Where Does Bitcoin Fit in the Global Reserve Currency Game?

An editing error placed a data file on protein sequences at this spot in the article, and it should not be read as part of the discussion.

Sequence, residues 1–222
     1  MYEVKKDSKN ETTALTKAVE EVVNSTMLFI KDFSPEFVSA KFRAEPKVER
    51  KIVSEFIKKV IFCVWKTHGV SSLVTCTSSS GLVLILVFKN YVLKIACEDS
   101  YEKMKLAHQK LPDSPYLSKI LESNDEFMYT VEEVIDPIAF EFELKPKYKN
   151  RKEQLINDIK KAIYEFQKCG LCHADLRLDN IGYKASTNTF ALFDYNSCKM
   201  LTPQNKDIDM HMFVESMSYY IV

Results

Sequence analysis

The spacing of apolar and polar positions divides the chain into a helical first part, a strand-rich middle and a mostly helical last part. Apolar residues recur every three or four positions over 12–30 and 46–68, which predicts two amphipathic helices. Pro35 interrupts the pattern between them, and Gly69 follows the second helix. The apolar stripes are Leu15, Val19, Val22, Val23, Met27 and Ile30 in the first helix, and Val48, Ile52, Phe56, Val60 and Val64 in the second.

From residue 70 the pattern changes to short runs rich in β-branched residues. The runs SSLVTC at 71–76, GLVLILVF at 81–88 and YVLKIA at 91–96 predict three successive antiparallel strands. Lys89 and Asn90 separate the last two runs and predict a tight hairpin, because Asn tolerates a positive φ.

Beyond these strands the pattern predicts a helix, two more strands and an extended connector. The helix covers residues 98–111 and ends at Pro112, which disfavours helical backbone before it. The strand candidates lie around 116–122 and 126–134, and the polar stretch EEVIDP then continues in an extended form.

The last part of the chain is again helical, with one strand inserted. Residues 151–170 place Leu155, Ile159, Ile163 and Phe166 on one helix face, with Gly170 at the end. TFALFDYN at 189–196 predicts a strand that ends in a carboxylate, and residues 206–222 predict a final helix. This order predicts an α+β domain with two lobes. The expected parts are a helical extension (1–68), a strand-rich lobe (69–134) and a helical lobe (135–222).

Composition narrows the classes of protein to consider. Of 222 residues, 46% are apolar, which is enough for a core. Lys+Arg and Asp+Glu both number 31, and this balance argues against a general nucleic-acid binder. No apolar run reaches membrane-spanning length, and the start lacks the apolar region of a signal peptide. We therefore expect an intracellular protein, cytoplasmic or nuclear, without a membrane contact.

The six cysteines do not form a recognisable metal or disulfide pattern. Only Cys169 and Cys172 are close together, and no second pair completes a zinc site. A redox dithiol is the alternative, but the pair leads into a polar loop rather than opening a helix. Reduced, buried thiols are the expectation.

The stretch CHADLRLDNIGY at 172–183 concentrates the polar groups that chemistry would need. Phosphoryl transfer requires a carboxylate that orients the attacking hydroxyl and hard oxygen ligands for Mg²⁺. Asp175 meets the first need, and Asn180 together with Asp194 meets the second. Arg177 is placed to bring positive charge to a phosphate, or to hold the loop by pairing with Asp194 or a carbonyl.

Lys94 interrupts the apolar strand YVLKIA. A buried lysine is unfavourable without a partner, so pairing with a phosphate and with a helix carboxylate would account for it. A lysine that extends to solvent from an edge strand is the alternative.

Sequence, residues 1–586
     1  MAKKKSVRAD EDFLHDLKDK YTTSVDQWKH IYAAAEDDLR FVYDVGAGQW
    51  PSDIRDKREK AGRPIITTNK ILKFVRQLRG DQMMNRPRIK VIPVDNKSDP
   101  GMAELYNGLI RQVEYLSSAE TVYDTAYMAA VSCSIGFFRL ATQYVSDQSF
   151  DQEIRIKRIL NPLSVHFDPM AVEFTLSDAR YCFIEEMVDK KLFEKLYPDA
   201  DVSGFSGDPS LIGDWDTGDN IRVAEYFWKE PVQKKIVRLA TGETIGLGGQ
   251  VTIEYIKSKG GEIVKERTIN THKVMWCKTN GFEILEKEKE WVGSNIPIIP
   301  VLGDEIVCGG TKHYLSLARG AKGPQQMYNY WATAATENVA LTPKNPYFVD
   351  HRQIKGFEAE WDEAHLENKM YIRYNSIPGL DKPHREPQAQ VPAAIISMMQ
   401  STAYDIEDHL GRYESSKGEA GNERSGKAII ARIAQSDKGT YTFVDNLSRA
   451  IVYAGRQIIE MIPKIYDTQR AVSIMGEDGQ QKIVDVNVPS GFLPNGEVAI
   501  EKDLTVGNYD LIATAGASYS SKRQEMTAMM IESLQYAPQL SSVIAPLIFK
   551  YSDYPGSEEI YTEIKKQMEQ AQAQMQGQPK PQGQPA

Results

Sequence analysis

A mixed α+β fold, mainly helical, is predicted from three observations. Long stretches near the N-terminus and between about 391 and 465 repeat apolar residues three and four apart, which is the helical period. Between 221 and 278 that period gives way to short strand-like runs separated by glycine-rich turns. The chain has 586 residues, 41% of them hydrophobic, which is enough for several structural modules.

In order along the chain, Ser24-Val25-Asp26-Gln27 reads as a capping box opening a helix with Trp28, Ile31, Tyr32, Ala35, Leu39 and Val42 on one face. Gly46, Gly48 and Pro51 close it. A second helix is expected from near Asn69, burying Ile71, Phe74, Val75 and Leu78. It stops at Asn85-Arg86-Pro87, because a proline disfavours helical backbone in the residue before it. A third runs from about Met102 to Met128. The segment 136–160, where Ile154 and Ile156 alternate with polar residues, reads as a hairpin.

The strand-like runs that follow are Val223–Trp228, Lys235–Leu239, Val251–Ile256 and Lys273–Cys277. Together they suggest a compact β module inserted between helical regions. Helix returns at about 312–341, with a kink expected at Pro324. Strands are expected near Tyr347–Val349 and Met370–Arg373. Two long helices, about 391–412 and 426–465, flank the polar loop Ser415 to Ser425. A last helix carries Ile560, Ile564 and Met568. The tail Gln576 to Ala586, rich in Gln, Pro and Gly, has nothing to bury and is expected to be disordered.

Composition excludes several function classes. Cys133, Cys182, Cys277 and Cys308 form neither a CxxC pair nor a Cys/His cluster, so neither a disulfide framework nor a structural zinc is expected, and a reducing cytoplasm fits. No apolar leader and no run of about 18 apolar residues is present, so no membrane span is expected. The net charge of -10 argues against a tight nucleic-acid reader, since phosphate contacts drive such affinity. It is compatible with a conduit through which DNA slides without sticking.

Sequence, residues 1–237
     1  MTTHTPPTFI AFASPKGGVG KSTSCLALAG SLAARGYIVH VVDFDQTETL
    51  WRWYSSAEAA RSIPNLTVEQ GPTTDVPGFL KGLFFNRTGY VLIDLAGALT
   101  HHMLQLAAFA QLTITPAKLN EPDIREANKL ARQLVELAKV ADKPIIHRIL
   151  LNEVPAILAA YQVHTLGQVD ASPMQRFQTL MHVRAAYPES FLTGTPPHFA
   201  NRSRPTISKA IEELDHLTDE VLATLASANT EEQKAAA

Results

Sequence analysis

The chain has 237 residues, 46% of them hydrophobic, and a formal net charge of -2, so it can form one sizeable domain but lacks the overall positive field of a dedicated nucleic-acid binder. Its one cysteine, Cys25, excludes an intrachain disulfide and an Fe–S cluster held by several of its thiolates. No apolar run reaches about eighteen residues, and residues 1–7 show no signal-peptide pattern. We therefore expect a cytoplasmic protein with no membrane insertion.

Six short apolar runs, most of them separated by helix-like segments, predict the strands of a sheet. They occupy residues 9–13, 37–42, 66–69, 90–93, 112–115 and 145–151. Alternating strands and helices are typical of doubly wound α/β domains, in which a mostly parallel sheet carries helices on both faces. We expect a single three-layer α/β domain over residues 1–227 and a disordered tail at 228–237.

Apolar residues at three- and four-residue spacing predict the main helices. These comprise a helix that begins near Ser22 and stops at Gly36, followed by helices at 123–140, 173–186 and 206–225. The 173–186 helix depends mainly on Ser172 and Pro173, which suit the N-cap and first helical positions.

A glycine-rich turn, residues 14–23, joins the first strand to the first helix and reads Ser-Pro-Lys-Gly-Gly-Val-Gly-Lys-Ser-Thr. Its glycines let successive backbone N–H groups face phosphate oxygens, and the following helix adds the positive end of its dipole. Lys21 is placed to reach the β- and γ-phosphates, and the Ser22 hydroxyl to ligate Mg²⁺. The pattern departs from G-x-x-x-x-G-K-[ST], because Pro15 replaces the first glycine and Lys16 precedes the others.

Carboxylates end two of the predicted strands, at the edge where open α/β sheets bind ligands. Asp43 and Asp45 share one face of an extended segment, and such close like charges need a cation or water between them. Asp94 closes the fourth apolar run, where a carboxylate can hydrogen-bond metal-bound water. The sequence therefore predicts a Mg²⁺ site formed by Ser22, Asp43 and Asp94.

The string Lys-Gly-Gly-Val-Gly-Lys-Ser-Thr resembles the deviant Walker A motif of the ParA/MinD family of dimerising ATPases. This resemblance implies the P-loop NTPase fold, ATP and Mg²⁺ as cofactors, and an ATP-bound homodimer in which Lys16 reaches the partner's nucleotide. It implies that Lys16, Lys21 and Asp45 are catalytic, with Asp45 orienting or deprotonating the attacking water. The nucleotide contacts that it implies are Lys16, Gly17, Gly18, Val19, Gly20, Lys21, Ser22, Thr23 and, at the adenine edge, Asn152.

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This is going to shake out how disruption manifest in real life is really hard to predict. But at this point, we do at least know what appear to be different paths that this thing could take if some sort of cryptographic. DIGITAL MONEY OUR future. So Andreas I'd like to throw this one to you to start us off. You've got privately issued. You know literally anybody can do it crypto currencies. You've got so-called corporal coins like the Libra, you've got national digital currencies like we see coming out of China, and then you've got things like bitcoin. So like what are kind of the attributes of these different things? What are the strengths and the weaknesses of each approach or perhaps I'll ask it a different way. What could actually work and what do we know won't Well I'd like to just take a brief that back and say you know even though the US has abused his position, the dollar, and even though there are a lot of contenders for the kind of multipronged geopolitical power structure that doesn't mean the US dollar is anywhere near losing his position as reserve currency in it may lose some of his control but the problem is that there is no good alternative in traditional currencies, not the not the. Ruble the politics. There are two fraud together. One likely contender is not a crypto currency or digital currency at all but is some form of synthetic currency built and managed by the International Monetary Fund's so some kind of SDR based synthetic basket currency that is constructed, which may or may not have a blockchain is kind of unnecessary. It would be a centralized currency that emerges to replace the dollar. But again, you know the IMF isn't an independent organization. Ezer and the problem is there's a vacuum right now in terms of something to replace the US dollar and so we might end up with a brief period where in fact, there are a number of competing monetary and payment systems because it's not just the reserve currency social, the payment system, the US dollar as reserve currency goes hand in hand with swift as the international wire transfer settlements and payment system and control of both gives the US. Enormous geopolitical power now, Europe and China have tried to build alternative versions of swift. So they can bypass controls. The US imposes unilaterally a great example of that would be the embargo on Iran, which Europe, and many other countries under the previous agreements have essentially allowed Iran to sell oil, and yet the US continues to maintain an embargo on his backed out of its treaty obligations. So in that particular case, there's a need for an alternative payment system. The payment system going hand in hand with the reserve currency actually gives us a hint as to the importance of blockchain's in this base, and because of blockchain is simultaneously a payment system and currency and the consensus rules govern both. Now, whether a nation states could make a central digital currency CDC, it's called whether corporates currency could survive or whether it would be some former crypto currency that emerges to fill that vacuum I mean that's a really loaded question and I don't think any of us can answer right now I think what's going to happen is we're going to simply end up in a world where there's a lot more fragmentation. Will Continue to work for some things. The you on and Euro will work. For other things. We'll be libra other corporate currencies that will be central bank digital currencies like digital yuan or digital euro. They'll be her tow currencies and we're going to enter a period of massive fragmentation where things are going to be complicated, and there's going to be more limited liquidity more complications in trade and more exchanges happening across all of these different forms. At. The beginning of this episode, we talked very briefly about how one of the sort of use cases of global reserve currency is to store value in some form other than the one that your government has control over, and we've seen this sort of throughout history with different episodes of heavy inflation hyperinflation in some cases where the money that people think they've saved and have simply goes down in value and can buy less effectively at the end of it that I think is really important part of this conversation and I have increasingly been thinking that. Lacking an alternative lacking a system that actually has neutrality Bilton as a base level assumption you're looking around for what's the best option of all of these bad options right because again, like using the US government's money as your reserve currency when you're in Zimbabwe will, that's much better than using Zimbabwe's hyper inflating currency. But on the other hand, the US is integrate situation either it's essentially the cleanest dirty shirt one of the things that I've really been curious about. With regards to the Central Bank digital currencies. As you said, so called CBD's is whether or not these could behave like a truly neutral system or whether we're just talking about taking the existing very slanted system, which is in favor of whichever country has sort of, as it's called the exorbitant privilege of being able to just essentially right blank checks that you don't have any money to backup, which then people use as their own form of savings in their local country. Whether that changes the equation here whether having something like Bitcoin that although it's neutral and available for use by everyone can't be influenced as we used to say a lot more, you can't hold a gun to the head of math, right? Like there's some protection that's built into that neutrality and I just wonder if that's something that we could ever see or that any government would ever allow to happen in a nationally issued central

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